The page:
The rest of reasons offered in my “survey” were legion, but no others came close to competing with these top three reasons. I was surprised at this, not because these answers are wrong (they’re all solid, orthodox answers), but because the most dominant Scriptural reason for the Resurrection didn’t even medal. A survey of NT data suggests that the principal theological reason for the Resurrection is to make possible the experimental benefit of union with Christ, viz., our regeneration and sanctification. We have been united with Christ in his Resurrection so that we may walk in newness of life:
1 Peter 1:3: In his great mercy he has given us new birth into a living hope through the resurrection of Jesus Christ from the dead.
Romans 6:4–14: Just as Christ was raised from the dead through the glory of the Father, we too may live a new life…. Since Christ was raised from the dead, he cannot die again; death no longer has mastery over him. The death he died, he died to sin once for all; but the life he lives, he lives to God. In the same way, count yourselves dead to sin but alive to God in Christ Jesus and do not let sin reign in your mortal body so that you obey its evil desires.
Ephesians 2:4–10: God made us alive with Christ…. God raised us up with Christ and seated us with him in the heavenly realms in Christ Jesus, creat[ing] us in Christ Jesus to do good works.
Colossians 3:1ff: Since you have been raised with Christ, set your hearts on things above, where Christ is seated at the right hand of God. Set your minds on things above, not on earthly things. For you died, and your life is now hidden with Christ in God.…. Put to death, therefore, whatever belongs to your earthly nature.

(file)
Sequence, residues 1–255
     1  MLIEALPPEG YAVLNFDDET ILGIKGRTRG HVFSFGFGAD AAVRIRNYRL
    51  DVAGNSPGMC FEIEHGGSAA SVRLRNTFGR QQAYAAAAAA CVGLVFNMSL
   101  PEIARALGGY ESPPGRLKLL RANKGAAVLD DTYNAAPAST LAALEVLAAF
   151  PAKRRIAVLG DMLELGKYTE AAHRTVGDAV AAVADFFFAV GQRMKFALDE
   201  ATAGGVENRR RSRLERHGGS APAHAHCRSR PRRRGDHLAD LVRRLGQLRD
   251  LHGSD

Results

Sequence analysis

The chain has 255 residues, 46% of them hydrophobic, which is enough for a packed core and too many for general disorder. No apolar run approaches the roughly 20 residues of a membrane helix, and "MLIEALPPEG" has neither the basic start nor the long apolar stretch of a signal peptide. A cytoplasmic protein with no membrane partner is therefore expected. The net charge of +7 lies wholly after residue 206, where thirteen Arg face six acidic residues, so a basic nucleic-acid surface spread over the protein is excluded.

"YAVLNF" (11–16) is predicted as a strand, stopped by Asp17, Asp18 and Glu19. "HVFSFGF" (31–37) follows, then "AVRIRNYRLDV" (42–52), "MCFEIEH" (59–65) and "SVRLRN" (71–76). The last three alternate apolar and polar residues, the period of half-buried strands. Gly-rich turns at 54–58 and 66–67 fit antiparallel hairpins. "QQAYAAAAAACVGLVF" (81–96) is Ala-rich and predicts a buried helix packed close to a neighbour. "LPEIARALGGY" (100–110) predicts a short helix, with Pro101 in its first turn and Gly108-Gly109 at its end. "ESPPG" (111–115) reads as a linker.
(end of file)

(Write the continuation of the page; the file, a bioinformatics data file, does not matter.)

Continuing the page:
The Reformers’ well-worn duplex beneficium includes firstly a forensic/legal class of benefits (chiefly our justification), and secondly an experimental class of benefits (chiefly new birth and its outgrowth in sanctification). In the latter, we rise in union with Christ as new creatures fitted for progress in good works. This is the “other half” of the Christian Gospel, and one woefully neglected in evangelical life.
Why this neglect? Well, many reasons come to mind, but my cynical self observes that sales presentations tend to focus on the benefits of a product rather than the new responsibility that attends it. The cross draws our attention to the former; the Resurrection to the latter, urging the new believer to pick up new weapons in his fight against sin, to pursue holiness, and to engage in Christian industry. I wonder whether that same sentiment colors our Gospel presentation. Less cynically, and secondly, the evangelical mind rightly recoils from certain “Christian” traditions (e.g., Romanism) that so focus on Christian responsibility that the benefits of justification are obscured and even suppressed. Certainly, we must not swing to this extreme in sharing the Christian Gospel. Still, historical suppression of the benefits of justification and exaggeration of responsibility that attends Christian faith should not lead us to neglect the latter.
Nor, I must add, should we see Resurrection and regeneration merely as lists of responsibilities. Resurrection and regeneration supply a substantial share of the hope described in the Catechism above. Being raised with Christ we are “freed from all the power of the devil” and the crushing power of sin; by rising and ascending, Christ positions himself to “preserve” us, makes us the objects of his benevolent providence, grants us confidence that (as one grand hymn puts it) we will “soar where Christ has led,” and energizes us to be “willing and ready from now on to live for him.” That’ll preach, my brothers—just as surely as will Christ’s wondrous death.
This article was originally posted here and is used by permission.